New York City jobs could be lured away to New Jersey if a bill sitting on Governor Corzine's desk gets signed.
The bill promises up to $30 million of incentives each year to digital media or film companies that move to or expand in the state.
"This is an emerging and exploding industry," a sponsor of the bill, Senator Joseph Kyrillos Jr., said yesterday. "These jobs will be created somewhere, and we want to get a fair share of them in the state of New Jersey."
This could spell trouble for New York, which prides itself on being the country's press and broadcast capital. Already, television giant NBC is planning to move hundreds of Internet-focused jobs to its so-called digital media campus in Englewood Cliffs, N.J., from Manhattan, an NBC source confirmed this week. It has been a strong advocate for the bill and even hired a lobbyist, William Pascrell III, to promote the legislation in Trenton. Mr. Pascrell said the legislation, if passed, would help subsidize the relocation, although he did not have a cost estimate.
"The bill is encouraging news for them," Mr. Pascrell said. "In the unlikely event that the bill does not become law, I suspect that NBC is going to reconsider" its move to Englewood Cliffs.
The bill, which gives a tax credit to businesses to help recover expenditures for new facilities, computers, and salaries, requires companies to spend at least $2 million of production costs within New Jersey in order to qualify. The legislation is aimed at companies that produce film and other content in digital form.
There is a chance that the bill could be scaled back or vetoed by Mr. Corzine. "The administration does have concerns about the cost, and about whether we're getting bang for the buck in terms of job creation," a spokesman for Mr. Corzine, Brendan Gilfillan, said. He is expected to make a decision by November.
Critics of the legislation see it as the most recent front in the war among the states, in which New Jersey, Connecticut, Pennsylvania, New York, and others offer increasingly enticing tax incentives in an effort to attract businesses to relocate within their borders.
"New Jersey and New York spend a lot of time and money on trying to lure companies with subsidies, when we ought to get together to invest in our education and infrastructure systems," a policy analyst at New Jersey Policy Perspective, Sarah Stecker, said.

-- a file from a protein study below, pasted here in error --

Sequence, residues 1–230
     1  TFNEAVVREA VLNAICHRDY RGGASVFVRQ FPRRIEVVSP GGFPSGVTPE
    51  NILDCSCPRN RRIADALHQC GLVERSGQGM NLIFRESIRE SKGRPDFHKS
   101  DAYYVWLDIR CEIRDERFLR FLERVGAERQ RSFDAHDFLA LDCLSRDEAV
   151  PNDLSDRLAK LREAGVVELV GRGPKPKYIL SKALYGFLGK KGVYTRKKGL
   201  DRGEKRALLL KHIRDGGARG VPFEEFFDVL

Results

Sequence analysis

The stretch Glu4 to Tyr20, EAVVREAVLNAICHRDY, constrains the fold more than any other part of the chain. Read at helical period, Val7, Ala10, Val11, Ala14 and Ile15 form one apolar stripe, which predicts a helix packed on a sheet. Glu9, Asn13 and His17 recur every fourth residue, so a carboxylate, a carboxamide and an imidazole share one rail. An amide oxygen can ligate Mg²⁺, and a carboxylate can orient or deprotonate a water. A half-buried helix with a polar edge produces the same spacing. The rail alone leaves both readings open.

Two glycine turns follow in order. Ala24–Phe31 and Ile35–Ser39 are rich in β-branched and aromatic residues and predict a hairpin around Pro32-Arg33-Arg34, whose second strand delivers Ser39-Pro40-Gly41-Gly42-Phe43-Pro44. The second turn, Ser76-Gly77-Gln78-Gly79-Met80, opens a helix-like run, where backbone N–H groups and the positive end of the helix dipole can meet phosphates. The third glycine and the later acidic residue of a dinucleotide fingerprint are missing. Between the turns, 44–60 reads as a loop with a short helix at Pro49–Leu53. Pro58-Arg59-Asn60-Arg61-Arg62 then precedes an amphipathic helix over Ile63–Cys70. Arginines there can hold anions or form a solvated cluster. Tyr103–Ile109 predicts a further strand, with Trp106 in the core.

New Jersey has a well-established incentive program, the Business Employment Incentive Program, which has helped bring thousands of jobs to the state from Manhattan in exchange for tax breaks.
NBC is to receive as much as $4 million in BEIP subsidies at its Englewood Cliffs site. Last year, in one of the largest such deals, Citigroup was awarded $37 million in incentives over 10 years in exchange for moving 1,200 jobs to Jersey City from Lower Manhattan.
New York City doles out its share of subsidies as well. In the past 20 years, it has pledged more than $75 million to NBC in exchange for promised job creation, according to the subsidy watchdog group Good Jobs New York.
Mr. Kyrillos, a sponsor of the digital media bill, said the reasoning behind incentive policy was not to have a subsidy battle with New York, although he acknowledged that some competition is inevitable.
"New York, by definition, because it's New York, will get its chunk" of job creation, he said. "I want New Jersey to win its share."
Adding to the allure of New Jersey are the cut-rate office rents, which are often less than half that charged for high-end space in Midtown Manhattan.
Companies are considering New Jersey "much more intensely, because not every business can support the kind of rent levels that are being kicked around Manhattan right now," an executive vice president at the brokerage firm Newmark Knight Frank, Mark Weiss, said.